For most of the United States, current fire frequencies are longer than what historically occurred prior to European settlement. In part, this can be attributed to fire suppression and exclusion efforts. This is particularly true for the eastern 2/3 of the nation. There are some areas of the western United States that are experiencing more frequent fire due to exotic annual grass invasion. For further information about specific areas of the country visit http://www.landfire.gov/.
Historically, fires in North America came from two primary sources, lightning and humans. See full length article for more detailed information.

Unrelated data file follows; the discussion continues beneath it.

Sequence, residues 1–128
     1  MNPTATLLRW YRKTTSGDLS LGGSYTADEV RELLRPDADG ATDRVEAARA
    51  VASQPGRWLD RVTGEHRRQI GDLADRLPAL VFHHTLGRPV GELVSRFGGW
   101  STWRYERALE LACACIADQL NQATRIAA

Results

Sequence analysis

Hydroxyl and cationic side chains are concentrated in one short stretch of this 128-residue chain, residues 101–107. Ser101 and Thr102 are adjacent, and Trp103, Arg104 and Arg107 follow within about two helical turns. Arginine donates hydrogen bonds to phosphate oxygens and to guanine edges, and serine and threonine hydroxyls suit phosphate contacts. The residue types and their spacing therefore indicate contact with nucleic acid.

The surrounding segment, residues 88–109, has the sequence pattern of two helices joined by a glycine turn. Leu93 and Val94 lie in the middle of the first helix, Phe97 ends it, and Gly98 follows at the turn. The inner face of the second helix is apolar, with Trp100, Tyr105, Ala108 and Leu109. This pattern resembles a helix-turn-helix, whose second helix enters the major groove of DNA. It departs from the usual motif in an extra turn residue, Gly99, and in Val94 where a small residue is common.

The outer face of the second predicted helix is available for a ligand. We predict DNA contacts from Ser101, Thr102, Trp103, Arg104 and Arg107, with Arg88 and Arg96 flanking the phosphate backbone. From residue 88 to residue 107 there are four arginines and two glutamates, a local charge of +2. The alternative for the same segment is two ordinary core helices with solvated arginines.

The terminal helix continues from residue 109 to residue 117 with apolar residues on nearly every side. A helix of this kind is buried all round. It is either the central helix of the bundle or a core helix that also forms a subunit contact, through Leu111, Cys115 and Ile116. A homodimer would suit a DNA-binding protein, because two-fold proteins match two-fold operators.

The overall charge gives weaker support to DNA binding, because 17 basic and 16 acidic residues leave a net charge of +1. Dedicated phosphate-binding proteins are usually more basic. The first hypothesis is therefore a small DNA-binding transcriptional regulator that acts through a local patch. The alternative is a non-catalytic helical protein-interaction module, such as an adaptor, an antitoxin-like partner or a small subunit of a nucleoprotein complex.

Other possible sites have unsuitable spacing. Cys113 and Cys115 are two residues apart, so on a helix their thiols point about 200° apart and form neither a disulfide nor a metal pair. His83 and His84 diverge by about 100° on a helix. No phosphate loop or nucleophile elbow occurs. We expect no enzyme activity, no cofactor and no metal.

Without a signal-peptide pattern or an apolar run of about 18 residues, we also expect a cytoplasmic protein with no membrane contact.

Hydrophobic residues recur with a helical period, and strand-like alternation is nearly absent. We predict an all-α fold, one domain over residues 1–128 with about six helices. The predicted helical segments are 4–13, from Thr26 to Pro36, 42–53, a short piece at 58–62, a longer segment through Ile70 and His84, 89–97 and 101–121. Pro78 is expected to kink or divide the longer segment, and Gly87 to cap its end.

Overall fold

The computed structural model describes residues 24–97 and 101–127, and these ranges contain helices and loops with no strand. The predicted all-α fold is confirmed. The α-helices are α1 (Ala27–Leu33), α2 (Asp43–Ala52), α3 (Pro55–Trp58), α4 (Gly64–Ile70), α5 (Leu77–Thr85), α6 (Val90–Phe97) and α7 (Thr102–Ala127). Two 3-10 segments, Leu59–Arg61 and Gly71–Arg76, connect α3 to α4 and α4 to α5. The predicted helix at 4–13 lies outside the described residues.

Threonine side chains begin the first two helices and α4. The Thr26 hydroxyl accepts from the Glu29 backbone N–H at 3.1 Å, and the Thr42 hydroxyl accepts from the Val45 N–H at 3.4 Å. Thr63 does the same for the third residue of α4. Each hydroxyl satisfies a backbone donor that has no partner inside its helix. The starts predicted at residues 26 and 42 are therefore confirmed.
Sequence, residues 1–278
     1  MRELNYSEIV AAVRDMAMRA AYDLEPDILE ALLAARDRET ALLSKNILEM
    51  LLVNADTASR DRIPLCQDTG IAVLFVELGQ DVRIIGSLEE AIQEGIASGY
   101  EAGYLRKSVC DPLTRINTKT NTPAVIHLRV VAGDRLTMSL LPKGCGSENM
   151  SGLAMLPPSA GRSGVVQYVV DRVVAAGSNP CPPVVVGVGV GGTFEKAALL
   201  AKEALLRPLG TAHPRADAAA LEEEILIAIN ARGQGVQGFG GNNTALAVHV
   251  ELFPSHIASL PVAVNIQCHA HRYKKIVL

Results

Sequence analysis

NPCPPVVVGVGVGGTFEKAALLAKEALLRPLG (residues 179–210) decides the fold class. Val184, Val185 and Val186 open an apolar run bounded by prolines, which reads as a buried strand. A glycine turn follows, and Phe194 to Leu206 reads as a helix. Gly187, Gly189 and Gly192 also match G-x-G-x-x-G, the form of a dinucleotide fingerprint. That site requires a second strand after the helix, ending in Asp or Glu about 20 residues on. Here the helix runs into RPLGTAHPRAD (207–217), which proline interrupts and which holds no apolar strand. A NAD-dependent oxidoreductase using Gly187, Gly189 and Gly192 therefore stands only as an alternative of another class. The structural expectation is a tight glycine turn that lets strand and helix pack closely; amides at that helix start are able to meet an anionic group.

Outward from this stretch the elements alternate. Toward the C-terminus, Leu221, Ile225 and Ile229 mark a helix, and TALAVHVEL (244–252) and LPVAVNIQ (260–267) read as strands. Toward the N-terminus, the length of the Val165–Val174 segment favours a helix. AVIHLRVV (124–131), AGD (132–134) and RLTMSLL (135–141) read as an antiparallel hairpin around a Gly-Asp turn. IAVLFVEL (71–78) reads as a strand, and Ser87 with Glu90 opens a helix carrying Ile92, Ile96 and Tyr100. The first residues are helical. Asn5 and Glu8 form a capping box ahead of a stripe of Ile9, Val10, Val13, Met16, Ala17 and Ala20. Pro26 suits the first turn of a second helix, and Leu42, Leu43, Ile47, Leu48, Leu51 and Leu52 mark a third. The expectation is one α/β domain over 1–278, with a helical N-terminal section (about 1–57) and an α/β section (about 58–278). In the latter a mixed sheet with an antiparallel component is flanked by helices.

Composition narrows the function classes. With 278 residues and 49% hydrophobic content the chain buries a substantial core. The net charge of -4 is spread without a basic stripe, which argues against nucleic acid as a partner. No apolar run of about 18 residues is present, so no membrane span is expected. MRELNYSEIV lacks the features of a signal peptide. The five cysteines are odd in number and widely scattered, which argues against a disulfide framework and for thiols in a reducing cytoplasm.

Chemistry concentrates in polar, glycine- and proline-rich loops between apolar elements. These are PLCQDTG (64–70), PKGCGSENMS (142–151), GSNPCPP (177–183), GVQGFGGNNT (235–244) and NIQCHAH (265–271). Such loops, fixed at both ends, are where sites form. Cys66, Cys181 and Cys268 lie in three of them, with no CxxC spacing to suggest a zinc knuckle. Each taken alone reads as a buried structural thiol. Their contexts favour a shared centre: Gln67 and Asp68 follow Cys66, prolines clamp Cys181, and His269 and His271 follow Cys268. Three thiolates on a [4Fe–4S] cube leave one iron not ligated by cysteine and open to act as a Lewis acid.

Fire regime is a term used to characterize the frequency, extent, intensity, severity and seasonality of fires within an ecosystem over an extended period of time. For example, historically, ponderosa pine forests in the Southwest were generally characterized by a high frequency (2-12 years), low intensity, and low severity spring & summer fire regime.